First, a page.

We kept the plane moving as we took the runway. The flaps were at 10 degrees and the elevator was fully back. As we took off, we leveled the plane to stay just above the runway (in ground effect) to pick up speed. Then, we climbed out normally.

Short Field Landings

The approach is a little different than normal. Instead of 65 knots, we used 60 knots. We aimed for the runway threshold and planned to stretch the glide to the numbers. The approach is a little bit steeper. I managed to drop it right on the numbers once.

Soft Field Landings

The approach for soft field landings is the same as the short field. This time, though, we planned to stretch the flare as much as possible and hold the nose wheel off the runway as long as possible. That prevents the nose wheel from digging into the grass (not that we had a real grass field).

And that’s all there is to it. I still have to work on landings, though. They can be smoother.

Plane: N272LP (C172)
From: CDW
To: CDW
Duration: 1.5

First Solo!

I just had my first solo! That was awesome. And it all comes packaged with some memorable events.

I think I was scaring Tom a bit before the solo when the landings weren’t all too smooth. They were consistently high and fast, but we got the kinks out of that.

He asked me if I wanted to go off alone, and of course I said yes. So, I dropped him off on a taxiway, gave him my camera, and I was off.

I was still on the tower frequency and asked for taxi to the runway. Oops. Then, when holding short I forgot to switch back to tower. Oops again. Alright, but those weren’t any major mishaps.

First Takeoff and Landing

My first takeoff off of Runway 4 was good. I started turning crosswind 300 ft below pattern altitude. When I look out to the left, I realized, “Wow, I’m still really close to the airport”. No kidding about the ‘plane being much lighter’ thing. On landing, I had a similar issue. The plane kept floating and floating and the runway kept getting shorter and shorter, so I decided to go around. My first real landing worked out better. I was a bit rough, but manageable.

Second Takeoff and Landing

The second takeoff was a bit wobbly. Over-compensation in the rudder seemed to make it go left and right a few times. That was fixed. I let it reach pattern altitude before turning crosswind. Much better.

The approach was a pretty steady, but the landing was a bit rough again. My landing also delayed another plane coming in on a straight final. Oh well.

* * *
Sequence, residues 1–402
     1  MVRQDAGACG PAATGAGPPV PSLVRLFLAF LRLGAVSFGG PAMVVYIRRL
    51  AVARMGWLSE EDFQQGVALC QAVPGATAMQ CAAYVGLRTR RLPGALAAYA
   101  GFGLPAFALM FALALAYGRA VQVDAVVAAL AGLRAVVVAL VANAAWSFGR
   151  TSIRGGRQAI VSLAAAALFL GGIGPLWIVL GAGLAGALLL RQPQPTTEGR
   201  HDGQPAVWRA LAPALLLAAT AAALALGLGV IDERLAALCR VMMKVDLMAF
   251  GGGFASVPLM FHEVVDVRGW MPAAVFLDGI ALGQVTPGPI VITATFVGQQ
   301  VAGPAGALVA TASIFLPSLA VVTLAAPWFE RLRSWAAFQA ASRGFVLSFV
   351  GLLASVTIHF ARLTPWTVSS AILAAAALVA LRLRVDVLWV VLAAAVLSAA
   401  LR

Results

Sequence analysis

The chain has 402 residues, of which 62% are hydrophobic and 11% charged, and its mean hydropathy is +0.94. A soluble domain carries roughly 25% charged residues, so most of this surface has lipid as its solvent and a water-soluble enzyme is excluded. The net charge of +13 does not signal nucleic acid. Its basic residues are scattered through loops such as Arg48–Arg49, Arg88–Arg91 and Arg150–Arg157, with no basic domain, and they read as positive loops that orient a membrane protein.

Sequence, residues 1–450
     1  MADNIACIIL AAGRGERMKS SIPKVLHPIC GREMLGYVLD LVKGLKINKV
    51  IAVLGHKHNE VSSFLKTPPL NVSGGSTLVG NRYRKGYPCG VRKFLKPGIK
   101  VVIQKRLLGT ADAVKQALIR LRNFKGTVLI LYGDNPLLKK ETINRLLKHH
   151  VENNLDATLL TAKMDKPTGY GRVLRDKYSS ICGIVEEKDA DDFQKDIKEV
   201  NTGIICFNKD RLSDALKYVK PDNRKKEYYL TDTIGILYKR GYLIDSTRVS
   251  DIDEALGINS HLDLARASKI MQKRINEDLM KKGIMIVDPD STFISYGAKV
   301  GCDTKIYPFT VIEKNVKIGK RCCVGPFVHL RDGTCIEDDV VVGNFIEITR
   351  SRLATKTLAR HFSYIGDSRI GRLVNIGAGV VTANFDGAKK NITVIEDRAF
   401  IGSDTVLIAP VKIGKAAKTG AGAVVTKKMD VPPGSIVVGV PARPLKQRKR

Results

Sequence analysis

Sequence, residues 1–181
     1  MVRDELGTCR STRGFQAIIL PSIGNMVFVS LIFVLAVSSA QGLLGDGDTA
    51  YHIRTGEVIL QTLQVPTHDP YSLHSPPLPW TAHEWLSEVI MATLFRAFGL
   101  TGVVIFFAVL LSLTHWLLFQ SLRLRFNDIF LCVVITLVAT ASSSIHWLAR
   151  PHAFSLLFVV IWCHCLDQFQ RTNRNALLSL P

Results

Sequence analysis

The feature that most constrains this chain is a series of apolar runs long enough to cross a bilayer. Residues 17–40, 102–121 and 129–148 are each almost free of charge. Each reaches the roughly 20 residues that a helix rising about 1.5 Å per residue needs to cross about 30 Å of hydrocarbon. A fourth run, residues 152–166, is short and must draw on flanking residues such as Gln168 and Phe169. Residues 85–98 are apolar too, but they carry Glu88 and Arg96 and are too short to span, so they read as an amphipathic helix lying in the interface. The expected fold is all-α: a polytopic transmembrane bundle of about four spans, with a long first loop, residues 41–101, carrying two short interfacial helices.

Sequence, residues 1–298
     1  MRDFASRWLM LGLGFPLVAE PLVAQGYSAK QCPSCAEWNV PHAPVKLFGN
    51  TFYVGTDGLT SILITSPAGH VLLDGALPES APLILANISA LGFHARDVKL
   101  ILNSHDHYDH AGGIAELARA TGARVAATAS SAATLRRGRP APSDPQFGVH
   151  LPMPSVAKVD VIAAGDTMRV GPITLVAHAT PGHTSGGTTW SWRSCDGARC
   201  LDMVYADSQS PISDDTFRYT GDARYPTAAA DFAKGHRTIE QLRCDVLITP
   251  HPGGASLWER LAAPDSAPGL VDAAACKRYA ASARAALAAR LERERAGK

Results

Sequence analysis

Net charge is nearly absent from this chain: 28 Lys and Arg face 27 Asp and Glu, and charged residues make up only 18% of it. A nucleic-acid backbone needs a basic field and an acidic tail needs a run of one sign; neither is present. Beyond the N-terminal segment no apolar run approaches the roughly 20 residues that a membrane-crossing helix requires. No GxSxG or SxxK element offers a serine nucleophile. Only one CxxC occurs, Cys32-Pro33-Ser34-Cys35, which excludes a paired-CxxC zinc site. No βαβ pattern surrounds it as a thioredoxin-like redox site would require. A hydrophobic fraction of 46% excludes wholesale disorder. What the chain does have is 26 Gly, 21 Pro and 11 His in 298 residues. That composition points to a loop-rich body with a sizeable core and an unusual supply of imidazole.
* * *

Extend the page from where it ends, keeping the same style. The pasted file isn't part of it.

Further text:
Third Takeoff and Landing

Third time’s a charm. And it was. The takeoff was good and the landing was smooth. I played ‘keep the nose wheel off the runway’ and it seemed to work.

And that’s it! Some pictures afterwards, a certificate, and the satisfaction of flying a plane on my own.

By the way.. it was a gorgeous day. Little wind, not very hot, awesome.

Plane: N272LP (C172)
From: CDW
To: CDW
Duration: 1.8

Solo? mm.. nope

It was too windy today for a solo, so we practiced some crosswind takeoffs and landings. The wind was coming at 7 knots gusting to 17.

The first couple were a little bouncy and misaligned, but they got much smoother. Tom told me to keep the nose wheel off the runway for the entire touch and go. That resulted in using a lot more elevator back pressure than I normally use, which turns out is the right amount of back pressure to use.

Hopefully the weather cooperates on Monday.. if it does, I’ll be soloing at 8am!

Plane: N272LP (C172)
From: CDW
To: CDW
Duration: 1.1

Pre-Solo Checkride

I passed… woo!

I went out today with a different instructor, Kyle, to do a checkride. Basically, he tested me on the various maneuvers to see if I’m competent enough to fly on my own.

We went out to the North and did some slow flight, steep turns, power on and off stalls, and emergency procedures. We came back for 3 landings.

A couple of items to work on from this:

Steep Turns – I didn’t use enough power in the turn and as a result my altitude dropped more than 100 ft and my airspeed was low. I need to use more power.

Emergency Procedures – I picked a not-so-good field to land and delayed in making the decision. I also delayed on communicating the distress and forgot to squawk 7700. I need to run through these in my head many times so it’s second nature.

Landings – They weren’t horrendous, but I should start the transition earlier and be smoother in pulling back in the flare. That’ll make them a little smoother.

Thanks to Kyle for coming along for the ride.

Plane: N272LP (C172)
From: CDW
To: CDW
Duration: 1.3